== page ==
Africa—The Origin of Fairies
Contents of Africa—The Origin of Fairies
Here’s one of the most frequently asked questions about Fairies and the ancient Faery Faith:
Who Were the Original Fairies (Faeries) of Ancient Lore?
The original Fairies (Faeries / Faery / Fey …) were an ancient African tribe near the Dahomey coast. They were people of tiny stature and migrated throughout the world, teaching their enchantments.
That history was taught to me orally decades back (by someone who needs to remain anonymous) and still makes sense to me. Africa has been the birthplace of so much of the world’s culture that it likely had to be an initial source of magical culture. (Later, this post touches on how magic is not separate from culture.) Plus almost every ancient society has lore about a small, dark, magical people. One example is the Menehune—the Fey Folk of Hawaii.
Lore about the origins of Fairies differs. Some, at least on an overt level, are more mystical than what I’ve provided here. But I find none of the versions incongruent with the others.
For example, it is said Faeries descended from human women who mated with Gods. Ancient stories of Gods falling in love with human women were worldwide. Whether such lore is taken literally or not, myths in which humans and Deities couple are part of many cultures. These myths have deep roots in humankind’s psyche and echo a Fey origin that is fairly consistent outside of colonizer culture, even if we never know the actual events that underpin the myths. Not speaking necessarily literally here but, perhaps the aforementioned migratory individuals of Africa were the first descendants of women who dared to be adored by a God.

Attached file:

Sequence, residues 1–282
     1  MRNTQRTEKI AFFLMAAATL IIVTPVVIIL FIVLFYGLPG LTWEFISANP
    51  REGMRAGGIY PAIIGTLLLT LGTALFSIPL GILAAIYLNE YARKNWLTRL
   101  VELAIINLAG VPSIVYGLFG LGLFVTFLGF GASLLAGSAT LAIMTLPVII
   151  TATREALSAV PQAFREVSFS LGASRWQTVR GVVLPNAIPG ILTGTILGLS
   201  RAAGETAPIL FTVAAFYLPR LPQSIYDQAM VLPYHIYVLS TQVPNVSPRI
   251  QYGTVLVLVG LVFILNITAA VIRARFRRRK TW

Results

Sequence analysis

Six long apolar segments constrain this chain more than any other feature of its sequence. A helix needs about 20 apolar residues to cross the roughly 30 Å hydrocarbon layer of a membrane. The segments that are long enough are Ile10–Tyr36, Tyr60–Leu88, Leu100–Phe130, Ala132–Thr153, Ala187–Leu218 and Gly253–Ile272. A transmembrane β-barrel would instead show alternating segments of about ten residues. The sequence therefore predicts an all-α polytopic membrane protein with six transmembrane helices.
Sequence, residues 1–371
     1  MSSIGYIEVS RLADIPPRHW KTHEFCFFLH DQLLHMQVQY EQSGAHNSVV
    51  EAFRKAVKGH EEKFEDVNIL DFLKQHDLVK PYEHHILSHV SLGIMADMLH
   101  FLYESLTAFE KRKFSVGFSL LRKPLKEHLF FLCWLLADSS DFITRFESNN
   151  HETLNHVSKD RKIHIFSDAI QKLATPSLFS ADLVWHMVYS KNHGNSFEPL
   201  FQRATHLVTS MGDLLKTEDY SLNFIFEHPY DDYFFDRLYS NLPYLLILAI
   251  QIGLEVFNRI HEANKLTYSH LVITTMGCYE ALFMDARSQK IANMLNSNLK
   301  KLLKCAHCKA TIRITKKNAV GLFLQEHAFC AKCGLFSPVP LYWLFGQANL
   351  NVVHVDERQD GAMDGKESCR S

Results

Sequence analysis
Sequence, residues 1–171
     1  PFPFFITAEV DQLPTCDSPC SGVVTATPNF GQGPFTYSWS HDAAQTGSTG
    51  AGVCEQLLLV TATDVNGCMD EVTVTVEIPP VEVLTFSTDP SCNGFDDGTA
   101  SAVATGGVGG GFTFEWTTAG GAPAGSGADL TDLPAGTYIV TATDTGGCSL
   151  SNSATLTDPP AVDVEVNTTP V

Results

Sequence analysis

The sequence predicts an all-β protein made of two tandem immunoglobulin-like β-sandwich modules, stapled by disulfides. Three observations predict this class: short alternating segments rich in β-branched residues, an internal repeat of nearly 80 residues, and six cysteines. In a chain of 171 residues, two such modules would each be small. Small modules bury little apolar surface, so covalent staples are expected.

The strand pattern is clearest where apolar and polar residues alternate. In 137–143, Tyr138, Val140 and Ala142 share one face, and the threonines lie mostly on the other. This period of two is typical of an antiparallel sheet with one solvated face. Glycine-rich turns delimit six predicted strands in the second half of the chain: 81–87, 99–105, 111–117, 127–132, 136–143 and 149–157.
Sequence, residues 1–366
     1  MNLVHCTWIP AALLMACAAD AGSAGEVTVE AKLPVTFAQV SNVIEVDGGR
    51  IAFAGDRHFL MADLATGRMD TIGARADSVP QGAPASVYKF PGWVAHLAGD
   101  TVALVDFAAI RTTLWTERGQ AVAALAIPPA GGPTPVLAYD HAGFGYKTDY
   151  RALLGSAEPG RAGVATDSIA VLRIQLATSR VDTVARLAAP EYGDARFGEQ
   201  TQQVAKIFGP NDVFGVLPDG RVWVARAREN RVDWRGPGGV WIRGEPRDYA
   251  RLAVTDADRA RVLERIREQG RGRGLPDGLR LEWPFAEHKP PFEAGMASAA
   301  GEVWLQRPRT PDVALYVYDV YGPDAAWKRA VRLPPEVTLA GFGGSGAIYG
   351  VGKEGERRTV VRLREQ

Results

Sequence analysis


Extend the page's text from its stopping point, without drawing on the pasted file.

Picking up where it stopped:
(For other lore about Fey origins, click here: Fairy, Faerie, Faery, Fey, Fay, …)
Note: I tend to use the following words interchangeably: Fairy, Faerie, Faery, Fey, Fay, Fae, … If you want to know why, click the link in the previous paragraph.
The Appropriation of African Fairy Culture and Magic
White writers almost never cite the tale of migrating Fey Africans. This lack exemplifies Africans and people of the African Diaspora originating something that is then credited elsewhere. In this case, it is the insistence that Fairies are innately a European construct.
Also, racists consistently turn BIPOC away from the very things their cultures helped create. If drawn to European shamanism, they are often treated condescendingly or excluded. When they dress up as Fairies for cosplay, they are often harassed in cosplay groups.
And lack of representation of BIPOC in modern fantasy art, literature, and film has been rampant.
Goddess Tiamat—The Babylonian Origin of Mermaids
At the time of this writing, there is tremendous backlash against Disney for selecting Halle Bailey, a black woman, to play Ariel. Ariel, the lead character in Disney’s live-action remake of The Little Mermaid, is a mermaid.
After examining a goodly number of online debates and articles about Disney’s casting choice, I have not seen one mention of Tiamat. It hurts my heart that Her erasure has been thorough enough that I saw no one bring up Tiamat to counter arguments that a white woman was the only appropriate person to play Ariel.